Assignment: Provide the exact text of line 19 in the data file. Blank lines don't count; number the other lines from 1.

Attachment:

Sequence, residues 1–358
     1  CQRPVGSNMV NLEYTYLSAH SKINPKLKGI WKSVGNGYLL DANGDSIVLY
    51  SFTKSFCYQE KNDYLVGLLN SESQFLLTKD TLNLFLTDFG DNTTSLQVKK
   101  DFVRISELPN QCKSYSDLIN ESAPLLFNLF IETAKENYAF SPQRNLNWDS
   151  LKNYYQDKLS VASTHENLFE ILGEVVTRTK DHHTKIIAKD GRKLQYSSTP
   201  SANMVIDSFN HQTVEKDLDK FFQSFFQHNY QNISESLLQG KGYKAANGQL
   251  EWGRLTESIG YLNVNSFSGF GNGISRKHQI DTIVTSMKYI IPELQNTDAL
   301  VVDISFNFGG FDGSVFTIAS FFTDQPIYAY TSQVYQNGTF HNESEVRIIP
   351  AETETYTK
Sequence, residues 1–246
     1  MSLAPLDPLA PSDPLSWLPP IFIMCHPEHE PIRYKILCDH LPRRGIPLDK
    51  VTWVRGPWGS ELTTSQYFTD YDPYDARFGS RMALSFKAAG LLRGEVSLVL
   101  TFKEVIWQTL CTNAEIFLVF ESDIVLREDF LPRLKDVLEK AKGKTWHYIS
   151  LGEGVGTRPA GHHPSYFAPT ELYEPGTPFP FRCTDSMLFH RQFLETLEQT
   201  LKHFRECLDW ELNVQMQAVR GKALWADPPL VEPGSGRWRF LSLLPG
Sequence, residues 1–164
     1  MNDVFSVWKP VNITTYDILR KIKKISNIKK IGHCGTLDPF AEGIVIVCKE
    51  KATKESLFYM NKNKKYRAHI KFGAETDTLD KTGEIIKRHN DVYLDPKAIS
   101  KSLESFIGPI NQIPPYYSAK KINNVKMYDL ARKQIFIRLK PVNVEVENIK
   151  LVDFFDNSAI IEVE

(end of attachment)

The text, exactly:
   101  KSLESFIGPI NQIPPYYSAK KINNVKMYDL ARKQIFIRLK PVNVEVENIK